Michelle Iacona


Michelle Iacona is a 40-year-old author and poet currently living in the dark, misty nowhere that is the countryside of North Carolina. A graduate (Magna Cum Laude) in Creative Writing from Saint Andrews Presbyterian College, she had her first works published at the age of 21 in 1993 when she won the distinguished Bunn-McClelland Chapbook Award. Writing since the age of five, life has become an endless quest to achieve that one piece which will make of her a household name.

Although a bit of a cynic, her gothic mindset has enabled her to explore the fantastic, both in this realm and the next. Her cynicism is tempered with a dose of phantasm which lends itself not only to her daily life, but to her writing as well.

Currently, she has become addicted to the internet, as well as continuing her interests in comparative mythology, poetry, classical literature, gothic/industrial music, and collecting model equines. Favorite authors include T.S. Eliot, Ronald H. Bayes, Oscar Wilde, Yukio Mishima, Clive Barker, Anne Rice, and J.R.R. Tolkien.

Where to find Michelle Iacona online


Price: $2.99 USD. Words: 27,740. Language: English. Published: August 4, 2012. Categories: Fiction » Fantasy » Paranormal, Fiction » Horror » General
Troy Hancock had been born into the smalltown South like every other kicking, mewling brat that had ever been, with one major difference: his family had secrets. Maybe not so different. After all, in the South, don't we all? Most of them just don't involve blood-splattered walls and dead people, nor creatures and spirits from the mythic past of the Cherokee....
Price: $2.99 USD. Words: 20,490. Language: English. Published: July 23, 2012. Categories: Fiction » Fantasy » Paranormal
The American South is a maze of dark country roads and forgotten memories where even the destination might prove the journey. Carnavale weaves a misty tapestry of rain-covered backroads, Otherworldly realms and peoples, and decidedly internal adventure with a moral compass dictated by the works of T.S. Eliot against a backdrop of autumn in the Carolinas.

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Smashwords book reviews by Michelle Iacona

  • Shadowcat on July 24, 2012

    Had I known where this story would go, I, like others, would never have begun reading it. On the one hand, that would have been unfortunate, because the first few pages--prior to the threatened pedophilia--were delightful. They had a very whimsical quality, which I quite enjoyed--particularly the first two paragraphs--a whimsy not unlike that of T.S. Eliot's Old Possum's Book of Practical Cats, or some genres of Japanese fiction. The story continued to share much with many works of Japanese fiction (I was particularly reminded of I Am A Cat by Soseki) even following the "uncle encounter", but that is about the only positive comment I can honestly come up with regarding the story from that point forward. There were moments--such as at the sub shop--where one honestly felt the writer was filling space with words; telling random things simply to increase word count. I agree with other reviewers who have noted that there should be some warning regarding the content herein. A child picking this up, charmed by the first few pages, might well be scarred by reading the remainder....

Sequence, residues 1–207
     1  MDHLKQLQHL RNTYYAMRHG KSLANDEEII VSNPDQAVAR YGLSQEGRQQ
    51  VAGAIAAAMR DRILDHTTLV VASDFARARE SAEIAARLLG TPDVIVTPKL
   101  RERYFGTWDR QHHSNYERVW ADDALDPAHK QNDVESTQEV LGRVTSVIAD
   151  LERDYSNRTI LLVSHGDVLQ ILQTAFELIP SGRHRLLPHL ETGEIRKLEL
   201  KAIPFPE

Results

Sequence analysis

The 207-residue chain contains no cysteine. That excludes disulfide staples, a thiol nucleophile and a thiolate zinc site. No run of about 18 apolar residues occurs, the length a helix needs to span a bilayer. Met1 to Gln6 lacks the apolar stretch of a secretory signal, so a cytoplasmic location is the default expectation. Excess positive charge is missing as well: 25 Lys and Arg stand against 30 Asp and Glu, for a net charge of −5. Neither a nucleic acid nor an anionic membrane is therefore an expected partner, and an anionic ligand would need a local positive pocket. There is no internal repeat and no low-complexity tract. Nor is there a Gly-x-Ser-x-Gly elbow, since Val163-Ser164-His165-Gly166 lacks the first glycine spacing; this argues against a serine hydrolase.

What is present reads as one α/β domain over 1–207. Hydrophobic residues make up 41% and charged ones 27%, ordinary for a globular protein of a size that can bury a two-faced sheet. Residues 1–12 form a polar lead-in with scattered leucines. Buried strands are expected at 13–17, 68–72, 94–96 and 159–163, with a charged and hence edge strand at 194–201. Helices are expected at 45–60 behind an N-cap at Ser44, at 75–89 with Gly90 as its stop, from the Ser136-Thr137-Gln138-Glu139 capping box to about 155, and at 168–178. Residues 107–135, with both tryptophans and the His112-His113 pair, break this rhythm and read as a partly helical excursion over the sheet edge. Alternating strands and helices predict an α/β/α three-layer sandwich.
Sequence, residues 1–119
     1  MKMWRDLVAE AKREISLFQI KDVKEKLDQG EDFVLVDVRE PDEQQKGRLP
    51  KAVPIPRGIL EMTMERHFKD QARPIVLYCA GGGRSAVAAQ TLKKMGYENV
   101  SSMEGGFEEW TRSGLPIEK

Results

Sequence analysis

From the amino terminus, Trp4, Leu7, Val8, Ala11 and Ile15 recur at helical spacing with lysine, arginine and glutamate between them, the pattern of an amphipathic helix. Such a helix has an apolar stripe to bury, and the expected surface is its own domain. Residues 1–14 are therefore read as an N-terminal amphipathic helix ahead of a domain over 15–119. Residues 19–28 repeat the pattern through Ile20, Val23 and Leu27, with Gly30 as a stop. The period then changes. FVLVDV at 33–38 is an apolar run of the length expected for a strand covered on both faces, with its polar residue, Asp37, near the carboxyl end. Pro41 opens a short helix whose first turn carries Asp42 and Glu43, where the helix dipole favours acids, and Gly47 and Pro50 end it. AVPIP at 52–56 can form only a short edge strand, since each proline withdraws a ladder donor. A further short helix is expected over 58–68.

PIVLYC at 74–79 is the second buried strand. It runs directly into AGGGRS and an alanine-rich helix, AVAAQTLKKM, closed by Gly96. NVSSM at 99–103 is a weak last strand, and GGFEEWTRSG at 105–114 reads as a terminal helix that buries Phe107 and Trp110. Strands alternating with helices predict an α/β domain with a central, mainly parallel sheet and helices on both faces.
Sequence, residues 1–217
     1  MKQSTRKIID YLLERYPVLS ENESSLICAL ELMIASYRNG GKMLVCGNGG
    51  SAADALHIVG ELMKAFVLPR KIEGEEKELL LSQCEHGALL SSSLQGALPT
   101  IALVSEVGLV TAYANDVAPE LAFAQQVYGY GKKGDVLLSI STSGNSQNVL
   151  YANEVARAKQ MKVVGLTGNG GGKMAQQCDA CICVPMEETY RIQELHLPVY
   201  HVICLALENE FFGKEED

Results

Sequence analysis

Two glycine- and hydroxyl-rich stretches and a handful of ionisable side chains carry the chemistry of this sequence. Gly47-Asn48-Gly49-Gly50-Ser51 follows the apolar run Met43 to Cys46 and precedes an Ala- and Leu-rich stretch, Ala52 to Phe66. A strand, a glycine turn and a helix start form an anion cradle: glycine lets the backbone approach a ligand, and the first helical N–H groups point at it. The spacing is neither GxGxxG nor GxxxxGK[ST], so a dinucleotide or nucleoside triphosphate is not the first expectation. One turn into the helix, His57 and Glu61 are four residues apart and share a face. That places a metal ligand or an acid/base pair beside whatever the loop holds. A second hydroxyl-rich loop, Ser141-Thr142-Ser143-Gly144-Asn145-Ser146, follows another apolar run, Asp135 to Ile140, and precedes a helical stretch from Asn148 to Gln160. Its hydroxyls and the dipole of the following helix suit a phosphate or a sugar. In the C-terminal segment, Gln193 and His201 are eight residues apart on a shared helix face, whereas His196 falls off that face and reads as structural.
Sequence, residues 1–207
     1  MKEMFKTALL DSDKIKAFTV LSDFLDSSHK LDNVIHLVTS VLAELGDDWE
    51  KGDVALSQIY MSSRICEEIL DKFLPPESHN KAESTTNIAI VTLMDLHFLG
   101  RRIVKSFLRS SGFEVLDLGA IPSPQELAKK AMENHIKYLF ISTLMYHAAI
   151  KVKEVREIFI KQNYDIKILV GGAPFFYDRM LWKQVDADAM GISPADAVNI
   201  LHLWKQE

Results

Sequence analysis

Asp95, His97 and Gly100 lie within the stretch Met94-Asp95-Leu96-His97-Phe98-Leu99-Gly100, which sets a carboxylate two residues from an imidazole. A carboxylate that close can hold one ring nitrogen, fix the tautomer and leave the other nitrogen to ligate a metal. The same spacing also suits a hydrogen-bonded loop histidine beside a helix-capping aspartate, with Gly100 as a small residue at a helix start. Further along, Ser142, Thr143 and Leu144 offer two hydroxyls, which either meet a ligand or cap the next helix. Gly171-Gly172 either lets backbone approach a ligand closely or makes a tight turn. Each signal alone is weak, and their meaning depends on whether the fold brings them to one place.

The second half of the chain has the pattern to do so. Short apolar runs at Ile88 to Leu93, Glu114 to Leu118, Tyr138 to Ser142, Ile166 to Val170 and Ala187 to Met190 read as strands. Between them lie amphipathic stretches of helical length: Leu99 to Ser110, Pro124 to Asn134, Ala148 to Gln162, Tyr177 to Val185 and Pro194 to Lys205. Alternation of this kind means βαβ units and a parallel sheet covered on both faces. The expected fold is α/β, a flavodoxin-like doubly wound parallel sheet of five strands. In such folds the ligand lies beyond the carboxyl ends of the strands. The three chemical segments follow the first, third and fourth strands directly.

• The Lady in the Mist (A Werewolf's Tale) - Sample on July 24, 2012

    "The sensation of spiraling downward sluiced over her in a sickening wash of fear...." Generally speaking, I avoid anything build as "paranormal fantasy ROMANCE" like the plague, but being a Southern author, the premise of this story caught my attention, and I'm so glad it did! Ms. Wolffe has a fantastic ability with words that really surpasses the usual fare in this genre! Just look at that first quotation, if you don't get what I mean. Beautifully written, and well-thought-out, my only complaint is that it could use a could once over grammatically and for typos. It is, however, a sample, so hopefully she'll spot those before the final publish. Either way, I would definitely read the full ebook when released; she's captured my imagination, and now I'm intrigued....
  • The Lady in the Mist (A Werewolf's Tale) - Sample on July 24, 2012

    "The sensation of spiraling downward sluiced over her in a sickening wash of fear..." (Hopefully this won't wind up a double-post; if so, I apologize) I usually avoid anything with romance in the description, but as a Southern writer, the premise for this upcoming ebook caught my attention and I am very glad it did! For those who enjoy the genre, this will definitely be a treat; for those, like myself, who avoid the genre like the plague, this serves as a welcome surprise and a well-earned reminder not to judge a book by its cover. Ms. Wolffe has a fantastic way with words that draws you in, and keeps you there. The only criticism I can give is that the piece could use a good once-over for grammar and typoes in a couple of areas. Amazing work....